So far, oldest dated Earth rocks are 3.96 billion years. Older rocks include meteorites and moon rocks, where Moon rocks from the Lunar highland are about 4.5 billion years old, mare basalt rocks are 3.2 - 3.8 billion years old. Meteorites are all older than 4.5 billion years.

    Mass spectrograph was used after WWI (1918). Led to the discovery of over 200 isotopes. Many radioactive elements can be used as geologic clocks since each element decays at its own nearly constant rate. Once this decay rate is known, geologists can estimate the length of time over which decay has been occurring by measuring the amount of radioactive parent and the amount of stable daughter elements.

Why is the Earth younger than the moon and meteorites?:

Current estimages of the age of the Earth are 4.5 billion years, but the oldest rocks are only 3.6 billion years old. This is younger than the oldest rocks from other solar system objects, why?

How? plate tectonics. Note that we have not found a way to determine the exact age of the Earth directly from Earth rocks because Earth's oldest rocks have been recycled and destroyed by the process of plate tectonics. If there are any of Earth's primordial rocks left in their original state, they have not yet been found.

Continental Drift:

Any major new idea in science appears to lead instantly to a search of the past for those who might once have proposed similar concepts and with whom the current proponents should therefore share the credit. In the case of plate tectonics, the primary candidate is obvious: Alfred Wegener of Germany, who explicitly presented the concept of continental drift for the first time at the outset of the 20th century. Though plate tectonics is by no means synonymous with continental drift, it encompasses this idea and derives much of its impact from it.

avant.gif apres.gif

In 1858, geographer Antonio Snider-Pellegrini made these two maps showing his version of how the American and African continents may once have fit together, then later separated. Left: The formerly joined continents before their separation. Right: The continents after the separation.

There might have been predecessors even to Wegener. The outlines of the continents bordering the Atlantic Ocean are so similar that many probably noticed the correspondence, and some might have drawn the conclusion that the lands on both sides were once joined together. The earliest reference to this peculiar geographic feature was made by the English philosopher Francis Bacon. In his Novum Organum (1620), Bacon pointed out the correspondence but did not go beyond that. Such was also the extent of the contribution of the great French naturalist Georges-Louis Leclerc, Count du Buffon, a century later. Neither can Franois Paget qualify as a forerunner of continental drift theorists: even though he stated in 1666 that an undivided continent existed before Noah's flood, he explained the creation of the Atlantic Ocean by having part of that continent sink into the sea.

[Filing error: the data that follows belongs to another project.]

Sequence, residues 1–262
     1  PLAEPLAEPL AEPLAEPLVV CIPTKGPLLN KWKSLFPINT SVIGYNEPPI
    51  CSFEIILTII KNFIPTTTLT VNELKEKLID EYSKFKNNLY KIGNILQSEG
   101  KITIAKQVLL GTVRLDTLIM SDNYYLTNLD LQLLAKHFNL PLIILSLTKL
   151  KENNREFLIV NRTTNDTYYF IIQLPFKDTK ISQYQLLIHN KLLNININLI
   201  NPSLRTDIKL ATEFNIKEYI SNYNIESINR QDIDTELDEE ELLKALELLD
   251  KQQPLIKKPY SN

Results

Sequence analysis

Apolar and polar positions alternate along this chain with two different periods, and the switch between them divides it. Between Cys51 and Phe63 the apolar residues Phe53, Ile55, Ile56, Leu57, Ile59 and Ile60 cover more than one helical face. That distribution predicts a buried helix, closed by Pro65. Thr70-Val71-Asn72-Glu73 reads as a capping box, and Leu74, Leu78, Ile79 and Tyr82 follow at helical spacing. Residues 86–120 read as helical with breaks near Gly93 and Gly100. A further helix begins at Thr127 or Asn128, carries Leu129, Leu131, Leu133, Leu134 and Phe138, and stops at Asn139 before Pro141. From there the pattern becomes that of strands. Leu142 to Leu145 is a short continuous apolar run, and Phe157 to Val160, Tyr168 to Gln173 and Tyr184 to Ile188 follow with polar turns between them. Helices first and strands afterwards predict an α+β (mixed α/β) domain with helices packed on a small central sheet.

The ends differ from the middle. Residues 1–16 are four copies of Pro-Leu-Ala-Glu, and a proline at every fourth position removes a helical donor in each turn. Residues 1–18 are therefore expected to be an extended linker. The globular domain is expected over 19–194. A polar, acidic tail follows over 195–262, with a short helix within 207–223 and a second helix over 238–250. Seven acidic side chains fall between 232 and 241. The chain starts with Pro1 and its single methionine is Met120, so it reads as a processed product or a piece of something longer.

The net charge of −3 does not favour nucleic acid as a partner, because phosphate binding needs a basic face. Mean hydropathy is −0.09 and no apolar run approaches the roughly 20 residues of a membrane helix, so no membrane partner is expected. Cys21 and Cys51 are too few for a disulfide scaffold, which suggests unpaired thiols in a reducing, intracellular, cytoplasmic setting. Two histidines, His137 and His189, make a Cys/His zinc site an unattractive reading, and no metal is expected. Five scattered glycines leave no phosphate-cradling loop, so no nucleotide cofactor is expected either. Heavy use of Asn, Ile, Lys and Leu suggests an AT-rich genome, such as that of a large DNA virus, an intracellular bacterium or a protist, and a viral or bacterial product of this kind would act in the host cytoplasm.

As noted by Snider-Pellegrini and Wegener, the locations of certain fossil plants and animals on present-day, widely separated continents would form definite patterns (shown by the bands of colors), if the continents are rejoined.

The first credible proponent of continental drift was Antonio Snider-Pellegrini, a belated advocate of catastrophism who, in 1858, ascribed the biblical flood to the former existence of a single continent that was torn apart to restore the balance of a lopsided Earth. More recent and much more sophisticated was the work of the American geologist Frank Taylor, who, disdaining the then-prevailing contraction model of mountain building, postulated in 1908 that the arcuate mountain belts of Asia and Europe resulted from the equatorward creep of the continents. His analysis of tectonic features foreshadowed in many ways modern thought regarding plate collisions, and he anticipated Wegener's publications by only a few years. Curiously, however, his work instantly sank into oblivion.

Thermal Plate Tectonics:

As early as the 1920s, scientists noted that earthquakes are concentrated in very specific narrow zones, now known to be plate edges . In 1954, French seismologist J.P. Roth published this map showing the concentration of earthquakes along the zones indicated by dots and cross-hatched areas.

The outflow of heat from core is transfered to convective motion in mantle. The motion is converted in linear motion of the crustal plates. There are 12 plates all floating on the mantle with speeds of a few cm per 100 years.

There are four (4) types of boundaries between the plates which give rise to particular surface features. For example, colliding plates form mountains. Young mountain system are sharp and irregular (e.g. Himalayas), old mountain systems are low and rounded (e.g. Appalachians)